je me souviens de ce jour, je revenais du travail... et j'ai mis la télévision et j'ai vu cett image sans croire. alors j'ai changé de chaine en espérant que ce n'était pas ce que je voyais... j'étais affolée, j'ai appelé mes proches pour savoir s'ils voyaient ce que je voyais... et je me suis dis: "ce n'est pas possible, ils n'ont pas pu faire cela"...
j'étais collée à l'écran sans comprendre...
Quelque chose d'horrible venait d'arriver...
traduction avec Deepl
I remember that day, I was coming back from work... and I put on the television and I saw this image without believing. Then I changed the channel hoping that it was not what I was seeing... I was distraught, I called my relatives to know if they were seeing what I was seeing... and I said to myself: "it's not possible, they couldn't have done that"...
I was glued to the screen without understanding...
Something horrible had just happened...
 

unkl brws

Jedi Master
I was living in the U.S.A. at the time, in Michigan, and I was at work when it happened. The company I worked for had the reports coming in on tv in a large conference room later that morning and a lot of us congregated around it. They suspended work for the rest of the day so we could watch. I remember walking into the conference room and watched the second plane go into the other tower. What a punch to the gut that was to see! I also distinctly remember how beautiful the weather was that day; perfect temperature and a clear blue sky.

In the days, months, and years that followed, the explanations and actions of the U.S. government in response to this event left me asking "Wait a minute, that doesn't seem right. What the hell is going on here?!"

And here I am. Still asking questions.
 

Brandon

Jedi Master
FOTCM Member
I was up late chatting on the internet when the Americans in the chatroom started talking about it.. I hadn't really heard of the World Trade Center at the time, didn't know what was going on. The next morning saw it on TV and felt the same way I felt after watching The Matrix, two years earlier..shellshocked.. I'd been into reading weird stuff, channelled messages :) and conspiracy theories etc online for a few years by then, but this was the first time I went "ok things are really really weird and the TV is full of lies" for real. My friend wrote a song with the lyric "So 9/11's been and gone, but it was 11/9 where I'm from" and that seemed to sort of sum it up...

Ten years later to the day, my mum had her stroke. I was staying with her, she was preparing to have a heart operation. The hospital had to delay the op by a few days and during that time, on the night of Sept 11th, it happened. She survived, just, but never recovered any movement or language abilities.. been looking after her ever since. I can't believe it's been 10 years... 11/9 eh...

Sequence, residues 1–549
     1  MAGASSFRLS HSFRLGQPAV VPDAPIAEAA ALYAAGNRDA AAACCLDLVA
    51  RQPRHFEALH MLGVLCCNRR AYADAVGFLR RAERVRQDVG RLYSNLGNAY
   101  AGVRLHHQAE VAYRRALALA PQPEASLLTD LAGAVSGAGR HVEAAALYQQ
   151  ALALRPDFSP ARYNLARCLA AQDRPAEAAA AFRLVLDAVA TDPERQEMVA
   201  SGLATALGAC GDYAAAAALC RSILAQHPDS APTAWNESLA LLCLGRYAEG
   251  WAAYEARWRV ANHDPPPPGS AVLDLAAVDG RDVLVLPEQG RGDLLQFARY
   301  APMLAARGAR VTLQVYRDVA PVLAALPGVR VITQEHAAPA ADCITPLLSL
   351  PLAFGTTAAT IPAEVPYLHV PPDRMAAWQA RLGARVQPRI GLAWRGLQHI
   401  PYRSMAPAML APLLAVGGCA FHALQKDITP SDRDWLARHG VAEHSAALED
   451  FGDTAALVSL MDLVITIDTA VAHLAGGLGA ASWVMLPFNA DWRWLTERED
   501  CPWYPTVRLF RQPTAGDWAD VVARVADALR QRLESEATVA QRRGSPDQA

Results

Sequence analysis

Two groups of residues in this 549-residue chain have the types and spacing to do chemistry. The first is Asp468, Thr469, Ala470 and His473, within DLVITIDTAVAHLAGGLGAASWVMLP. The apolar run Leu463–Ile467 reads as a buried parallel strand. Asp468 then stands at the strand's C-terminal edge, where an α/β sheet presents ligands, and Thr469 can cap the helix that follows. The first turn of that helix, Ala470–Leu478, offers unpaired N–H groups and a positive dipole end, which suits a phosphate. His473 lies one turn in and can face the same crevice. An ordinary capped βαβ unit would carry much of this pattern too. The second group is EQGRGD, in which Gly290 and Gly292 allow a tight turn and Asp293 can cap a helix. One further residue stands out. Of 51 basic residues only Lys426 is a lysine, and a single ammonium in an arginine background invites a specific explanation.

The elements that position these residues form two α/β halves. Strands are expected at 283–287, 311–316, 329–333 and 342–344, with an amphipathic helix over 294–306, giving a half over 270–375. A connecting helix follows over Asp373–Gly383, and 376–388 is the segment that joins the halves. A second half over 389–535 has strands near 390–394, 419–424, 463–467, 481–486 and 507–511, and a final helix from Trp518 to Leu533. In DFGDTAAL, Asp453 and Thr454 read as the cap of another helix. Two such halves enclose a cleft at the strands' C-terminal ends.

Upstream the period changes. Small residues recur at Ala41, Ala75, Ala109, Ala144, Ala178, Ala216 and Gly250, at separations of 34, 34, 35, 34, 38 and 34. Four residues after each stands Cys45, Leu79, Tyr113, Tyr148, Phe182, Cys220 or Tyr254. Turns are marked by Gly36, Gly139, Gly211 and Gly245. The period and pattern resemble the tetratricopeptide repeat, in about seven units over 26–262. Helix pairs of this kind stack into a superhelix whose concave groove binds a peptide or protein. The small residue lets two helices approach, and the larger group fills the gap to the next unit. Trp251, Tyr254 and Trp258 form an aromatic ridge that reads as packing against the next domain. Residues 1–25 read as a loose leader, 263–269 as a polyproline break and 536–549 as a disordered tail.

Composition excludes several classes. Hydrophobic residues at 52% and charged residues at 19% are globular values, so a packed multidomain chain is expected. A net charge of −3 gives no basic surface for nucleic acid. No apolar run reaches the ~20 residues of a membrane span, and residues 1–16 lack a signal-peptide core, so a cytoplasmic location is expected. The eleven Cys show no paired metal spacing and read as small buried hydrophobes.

Ursus Minor

The Living Force
FOTCM Member
Thank you Michael for conjuring up our memories of that tragic day 20 years ago. 🌇 ✈️

My personal memory is having been called by my mother early in the afternoon asking me whether 'I have seen it.'
Seen what? "Well, the attack on New York!" My mother could be a little dramatic at times so I wondered if she had been watching a movie...

"Turn on your TV," she demanded of me and "watch for yourself. It's an attack by muslim airplanes!"

That didn't seem to make any sense either but the tone in her voice made me turn it on.
📺 😦
I was stunned and anxious to make sense of what I was seeing. The term 'Towering Inferno' came into my mind.

Luckily I had been on the internet for a couple of weeks at the time and I went searching for comments and info only to find out that there were other folks out there who found the events odd and probably staged.
I remember having been very disappointed and alarmed that the main stream media, even the 'quality papers' were just parroting the official story which made me turn my back on papers and television quite quickly.
(You could say that 9/11 was t h e single important event that made me 'wake up'.)

Not unlike today I was saddened to find out that the great majority of 'normal' people were falling for the explanations of media and politicians hook, line and sinker though things seem to have improved as the number of believers went down from probably about 95% (9/11) back then to currently roughly 65% (COVID 19), I guess.

It didn't take long for me to stumble over Laura's site then, the other single important event that shook up my view of the world which would keep shaking it up for many years to come.
 

ryu

Jedi Master
FOTCM Member
Thank you for your post @Michael B-C. I was 12 years old when it happened. I remember switching the channels to find the cartoon my sister liked to watch after school. Their were flash news on all channels, I had no idea what the WTC was. After a while we understood that something was wrong, and we called our mother. She thought at first it was a film or a joke, but she paled when she realized it was real. My parents and many adults were afraid this would provoke another world war. It was the end of a world, when we look back.